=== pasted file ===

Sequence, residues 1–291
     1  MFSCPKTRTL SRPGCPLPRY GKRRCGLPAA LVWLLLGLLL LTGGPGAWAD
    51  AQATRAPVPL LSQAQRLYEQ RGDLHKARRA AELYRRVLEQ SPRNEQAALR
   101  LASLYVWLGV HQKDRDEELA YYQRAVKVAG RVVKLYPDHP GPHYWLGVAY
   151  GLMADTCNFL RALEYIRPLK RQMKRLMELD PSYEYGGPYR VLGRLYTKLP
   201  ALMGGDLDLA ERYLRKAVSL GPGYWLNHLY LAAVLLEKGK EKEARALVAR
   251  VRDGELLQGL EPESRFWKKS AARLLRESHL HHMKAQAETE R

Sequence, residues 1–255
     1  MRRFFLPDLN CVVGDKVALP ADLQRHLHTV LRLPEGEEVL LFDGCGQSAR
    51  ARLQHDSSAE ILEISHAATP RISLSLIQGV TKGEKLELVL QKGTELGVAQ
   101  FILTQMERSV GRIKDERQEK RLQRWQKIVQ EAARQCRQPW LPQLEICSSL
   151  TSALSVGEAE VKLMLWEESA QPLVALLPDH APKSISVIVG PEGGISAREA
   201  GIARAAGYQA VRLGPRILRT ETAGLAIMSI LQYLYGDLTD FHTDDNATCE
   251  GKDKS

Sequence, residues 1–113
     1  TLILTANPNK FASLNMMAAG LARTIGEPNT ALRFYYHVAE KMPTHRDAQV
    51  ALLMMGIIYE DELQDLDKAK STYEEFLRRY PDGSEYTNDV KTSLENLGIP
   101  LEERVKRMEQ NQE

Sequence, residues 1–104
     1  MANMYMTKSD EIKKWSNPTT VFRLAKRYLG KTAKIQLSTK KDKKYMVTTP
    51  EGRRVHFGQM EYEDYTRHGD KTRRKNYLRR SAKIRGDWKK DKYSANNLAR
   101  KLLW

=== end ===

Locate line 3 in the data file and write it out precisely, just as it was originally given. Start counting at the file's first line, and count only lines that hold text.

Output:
    51  AQATRAPVPL LSQAQRLYEQ RGDLHKARRA AELYRRVLEQ SPRNEQAALR